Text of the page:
During de duplication, the data is sent to three different ABIS(Automatic Biometric Identification System). The results of all the three is combined to improve the accuracy of de duplication. If ABIS fails, the entire systems does not come to a halt.

The software used for collecting data, called the Enrolment Client(EC) works offline. It does data validation, quality checking and captures location and time. It also has some built in features like data encryption, encrypted data storage. The software is also in constant touch with the server also called smart sync

The client works on both Windows and Linux.

The EC, in real time, performs translation into local language.

During master sync, all the packet data is sent to the server. After the server confirms the processing of data, the data is deleted from the enrolment database on the client side.

The EC ensures that the entire data is encrypted even before it is stored to the disc.

The EC also sends data like “how long operator spent on demographic data screen”, “how many times a fingerprint was captured”, etc. to the server.

Each data packet is about 3MB in size. Once exported from the EC, these are uploaded in encrypted form. Scanning for viruses, malware is also done during this process.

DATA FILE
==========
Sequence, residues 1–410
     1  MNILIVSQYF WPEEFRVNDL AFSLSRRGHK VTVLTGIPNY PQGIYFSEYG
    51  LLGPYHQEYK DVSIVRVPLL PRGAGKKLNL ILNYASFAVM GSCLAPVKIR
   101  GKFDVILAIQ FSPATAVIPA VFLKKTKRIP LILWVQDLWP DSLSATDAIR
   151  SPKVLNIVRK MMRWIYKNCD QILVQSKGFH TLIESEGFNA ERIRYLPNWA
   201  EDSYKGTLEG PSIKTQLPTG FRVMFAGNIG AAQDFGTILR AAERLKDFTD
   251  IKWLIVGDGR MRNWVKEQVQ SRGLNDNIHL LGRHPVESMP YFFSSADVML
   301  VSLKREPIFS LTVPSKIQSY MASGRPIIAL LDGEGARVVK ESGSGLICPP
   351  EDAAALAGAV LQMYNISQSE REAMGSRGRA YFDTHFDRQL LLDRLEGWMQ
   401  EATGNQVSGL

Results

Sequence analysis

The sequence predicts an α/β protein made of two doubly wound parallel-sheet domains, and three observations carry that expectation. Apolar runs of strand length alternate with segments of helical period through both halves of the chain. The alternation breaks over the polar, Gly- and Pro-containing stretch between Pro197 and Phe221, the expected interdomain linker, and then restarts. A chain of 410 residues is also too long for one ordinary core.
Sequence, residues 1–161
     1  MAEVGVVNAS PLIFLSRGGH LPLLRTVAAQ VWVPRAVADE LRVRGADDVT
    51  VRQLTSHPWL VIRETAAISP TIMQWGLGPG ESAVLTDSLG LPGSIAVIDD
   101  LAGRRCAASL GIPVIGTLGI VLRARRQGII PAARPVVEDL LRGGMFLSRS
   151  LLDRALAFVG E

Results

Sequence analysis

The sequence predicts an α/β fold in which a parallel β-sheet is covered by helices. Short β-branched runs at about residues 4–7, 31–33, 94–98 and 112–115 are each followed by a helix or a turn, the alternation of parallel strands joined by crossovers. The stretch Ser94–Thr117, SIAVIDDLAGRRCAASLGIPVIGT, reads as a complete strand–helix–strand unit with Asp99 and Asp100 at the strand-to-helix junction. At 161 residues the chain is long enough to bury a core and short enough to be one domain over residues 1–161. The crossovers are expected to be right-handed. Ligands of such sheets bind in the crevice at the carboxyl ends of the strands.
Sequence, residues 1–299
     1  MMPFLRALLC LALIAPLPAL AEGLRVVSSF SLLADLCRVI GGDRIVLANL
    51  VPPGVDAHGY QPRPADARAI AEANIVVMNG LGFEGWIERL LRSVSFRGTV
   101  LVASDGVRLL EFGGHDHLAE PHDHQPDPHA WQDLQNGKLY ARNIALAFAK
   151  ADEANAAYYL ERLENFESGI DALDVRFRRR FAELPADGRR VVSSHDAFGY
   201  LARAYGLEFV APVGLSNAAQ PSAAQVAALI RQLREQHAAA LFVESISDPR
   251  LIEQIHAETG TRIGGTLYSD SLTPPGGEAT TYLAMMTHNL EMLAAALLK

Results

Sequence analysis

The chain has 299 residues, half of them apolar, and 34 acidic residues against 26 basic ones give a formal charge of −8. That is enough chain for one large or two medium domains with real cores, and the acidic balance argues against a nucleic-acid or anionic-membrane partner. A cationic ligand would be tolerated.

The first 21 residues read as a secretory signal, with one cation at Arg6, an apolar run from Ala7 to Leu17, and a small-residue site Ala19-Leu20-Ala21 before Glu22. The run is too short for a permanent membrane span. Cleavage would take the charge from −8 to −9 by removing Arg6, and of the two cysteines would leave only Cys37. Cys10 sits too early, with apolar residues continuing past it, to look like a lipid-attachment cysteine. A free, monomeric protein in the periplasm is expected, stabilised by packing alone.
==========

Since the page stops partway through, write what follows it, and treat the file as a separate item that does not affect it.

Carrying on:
Authentication Module

This is a process in which the UID is sent to servers along with other attributes for verification. In addition to this, OTP or biometric authentication can also be done.

Aadhaar Authentication API is open source and can be viewed on their website
Along with Aadhaar Authentication API, there are two other APIs, Best Finger Detection(BFD) API and OTP API.

The basic job of the Authentication Server is to the match the demographic data with the help of BFD and OTP APIs.

It is also responsible for detecting inline frauds, sending SMS/Email notifications
The servers are capable of handling 1.5 million transactions every day. They are built to scale horizontally.

Initially MongoDB was used as MySQL was not capable of storing images. MongoDB was unable to handle the load, Aadhaar is now slowly switching to MySQL.

Since there is a chance of false reject or a false accept during authentication, Aadhaar gives multiple attempts to users along with a backup authentication module.

Aadhaar Number Generation

On successful validation of data, a 12 digit unique number is generated. The first 11 digits are random and the last digit is a checksum based on Verhoeff algorithm. This ensures that the UID is unique. The rejected enrolments are stored in a reject database.


If a citizen wishes to update his details, there are special centers for this. Here a mini version of the EC is used. The Update API ensures that authentication is done along with the validation of data.

E-KYC Module

Verification of identity in banks is done using KYC module. This is ensure identity without any physical documents.